Today at a Brookings Institute event on encryption, FBI Director James Comey called for back doors in cell phones and communications services to allow for ready government access. Director Comey raised the possibility of a legislative mandate to accomplish this if companies would not provide a mechanism for the government to circumvent encryption. He even went beyond his earlier remarks, saying the mandates the FBI seeks would build insecurity not just into devices, but also into communications services as well.
CDT strongly supports consumers’ ability to protect their private data through encryption, and opposes any legal requirement that companies be required to build “back doors” into smartphones, other personal electronic devices, and communications services for law enforcement.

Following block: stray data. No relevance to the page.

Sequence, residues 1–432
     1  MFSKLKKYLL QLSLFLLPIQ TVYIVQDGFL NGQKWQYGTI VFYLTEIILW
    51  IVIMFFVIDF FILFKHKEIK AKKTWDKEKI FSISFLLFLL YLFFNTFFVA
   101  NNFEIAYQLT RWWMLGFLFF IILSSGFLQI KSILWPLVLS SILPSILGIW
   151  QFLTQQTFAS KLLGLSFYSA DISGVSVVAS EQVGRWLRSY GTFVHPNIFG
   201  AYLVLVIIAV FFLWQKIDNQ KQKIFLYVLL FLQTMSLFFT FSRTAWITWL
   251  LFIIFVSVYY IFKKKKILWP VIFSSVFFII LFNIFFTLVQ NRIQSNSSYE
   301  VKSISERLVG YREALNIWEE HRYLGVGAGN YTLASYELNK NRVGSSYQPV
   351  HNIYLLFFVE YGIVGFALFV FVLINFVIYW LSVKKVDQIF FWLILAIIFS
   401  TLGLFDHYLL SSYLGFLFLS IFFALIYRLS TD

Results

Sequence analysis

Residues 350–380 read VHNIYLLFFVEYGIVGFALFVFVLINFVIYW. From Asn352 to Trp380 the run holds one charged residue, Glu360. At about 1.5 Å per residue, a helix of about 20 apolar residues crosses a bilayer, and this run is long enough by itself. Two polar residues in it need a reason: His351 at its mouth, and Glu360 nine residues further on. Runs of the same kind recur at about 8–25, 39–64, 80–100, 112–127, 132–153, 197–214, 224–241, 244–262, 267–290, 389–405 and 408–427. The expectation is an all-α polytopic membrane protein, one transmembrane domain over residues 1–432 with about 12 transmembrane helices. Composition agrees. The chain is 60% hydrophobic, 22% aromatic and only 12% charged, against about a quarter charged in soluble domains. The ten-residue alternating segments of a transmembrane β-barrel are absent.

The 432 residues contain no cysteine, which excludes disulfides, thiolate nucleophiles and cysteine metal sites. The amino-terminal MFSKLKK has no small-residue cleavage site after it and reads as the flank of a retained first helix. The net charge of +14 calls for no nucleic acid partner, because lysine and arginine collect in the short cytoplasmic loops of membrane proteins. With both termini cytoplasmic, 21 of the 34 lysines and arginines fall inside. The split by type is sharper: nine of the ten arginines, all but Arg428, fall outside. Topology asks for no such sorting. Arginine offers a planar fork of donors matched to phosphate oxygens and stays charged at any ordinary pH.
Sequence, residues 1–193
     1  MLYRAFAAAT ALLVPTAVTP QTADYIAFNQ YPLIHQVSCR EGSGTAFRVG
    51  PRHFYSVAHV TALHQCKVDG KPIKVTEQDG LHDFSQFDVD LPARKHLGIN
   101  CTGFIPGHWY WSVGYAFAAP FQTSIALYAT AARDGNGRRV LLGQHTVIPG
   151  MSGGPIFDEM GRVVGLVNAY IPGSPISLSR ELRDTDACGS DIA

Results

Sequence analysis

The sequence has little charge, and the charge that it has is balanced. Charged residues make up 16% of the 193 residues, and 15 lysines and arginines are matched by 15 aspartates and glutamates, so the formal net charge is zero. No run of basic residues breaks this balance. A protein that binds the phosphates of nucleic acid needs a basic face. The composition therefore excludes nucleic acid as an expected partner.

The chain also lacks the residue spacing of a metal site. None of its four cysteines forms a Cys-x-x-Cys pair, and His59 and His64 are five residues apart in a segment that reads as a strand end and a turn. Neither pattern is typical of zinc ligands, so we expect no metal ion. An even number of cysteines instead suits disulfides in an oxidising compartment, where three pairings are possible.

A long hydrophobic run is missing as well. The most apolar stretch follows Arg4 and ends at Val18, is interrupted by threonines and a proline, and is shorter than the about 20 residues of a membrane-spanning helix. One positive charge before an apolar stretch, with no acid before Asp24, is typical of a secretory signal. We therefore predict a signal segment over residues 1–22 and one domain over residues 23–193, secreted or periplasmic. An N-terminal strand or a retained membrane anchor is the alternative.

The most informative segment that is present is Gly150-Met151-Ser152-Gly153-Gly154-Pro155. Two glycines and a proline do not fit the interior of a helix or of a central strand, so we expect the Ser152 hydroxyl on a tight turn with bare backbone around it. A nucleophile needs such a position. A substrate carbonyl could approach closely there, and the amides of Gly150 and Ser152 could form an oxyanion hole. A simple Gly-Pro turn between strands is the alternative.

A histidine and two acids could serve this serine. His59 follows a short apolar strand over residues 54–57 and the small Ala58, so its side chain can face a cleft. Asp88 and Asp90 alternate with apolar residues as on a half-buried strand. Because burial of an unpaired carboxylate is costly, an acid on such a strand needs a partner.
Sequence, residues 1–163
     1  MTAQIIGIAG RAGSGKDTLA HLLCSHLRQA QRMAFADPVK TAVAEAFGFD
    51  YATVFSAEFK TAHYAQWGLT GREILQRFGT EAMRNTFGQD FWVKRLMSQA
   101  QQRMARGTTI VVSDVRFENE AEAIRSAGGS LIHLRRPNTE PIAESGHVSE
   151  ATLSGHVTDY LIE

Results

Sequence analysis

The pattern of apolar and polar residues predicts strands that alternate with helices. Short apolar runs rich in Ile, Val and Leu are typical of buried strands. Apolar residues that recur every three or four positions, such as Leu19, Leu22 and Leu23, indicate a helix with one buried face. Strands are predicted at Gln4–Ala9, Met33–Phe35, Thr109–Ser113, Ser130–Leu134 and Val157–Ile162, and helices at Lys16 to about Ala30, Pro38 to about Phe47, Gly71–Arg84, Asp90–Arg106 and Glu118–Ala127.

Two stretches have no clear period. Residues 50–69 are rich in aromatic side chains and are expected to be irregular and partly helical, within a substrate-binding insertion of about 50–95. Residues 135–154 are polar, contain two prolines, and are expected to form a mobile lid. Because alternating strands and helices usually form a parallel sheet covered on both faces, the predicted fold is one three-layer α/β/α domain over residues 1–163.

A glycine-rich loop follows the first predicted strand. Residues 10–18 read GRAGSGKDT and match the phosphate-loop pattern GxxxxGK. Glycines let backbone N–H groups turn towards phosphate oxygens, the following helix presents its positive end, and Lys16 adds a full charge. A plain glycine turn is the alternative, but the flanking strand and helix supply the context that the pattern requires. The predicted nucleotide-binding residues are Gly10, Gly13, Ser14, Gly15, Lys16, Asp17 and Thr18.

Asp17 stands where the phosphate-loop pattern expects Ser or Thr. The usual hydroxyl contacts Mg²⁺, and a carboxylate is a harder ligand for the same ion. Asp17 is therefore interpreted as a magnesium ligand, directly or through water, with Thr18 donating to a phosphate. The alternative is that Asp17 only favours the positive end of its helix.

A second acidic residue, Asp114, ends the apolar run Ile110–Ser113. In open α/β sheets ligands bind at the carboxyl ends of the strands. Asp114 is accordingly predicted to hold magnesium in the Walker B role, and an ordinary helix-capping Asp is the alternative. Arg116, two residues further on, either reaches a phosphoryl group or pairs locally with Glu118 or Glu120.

“Encryption of our personal devices and communications enhances the security of our most private information. Law enforcement already has many legitimate ways to obtain the data stored on our devices. Weakening the security of smartphones and trusted communications infrastructure should not be one of them,” said CDT President Nuala O’Connor.
“We debated and settled the question of whether law enforcement should have back doors into communications networks more than 20 years ago. We chose greater personal security,” added O’Connor. “Now, more than ever, we need strong security to combat malicious hackers and deter overly intrusive government surveillance. Companies are providing more encryption because it is exactly the type of protection the public wants and needs.”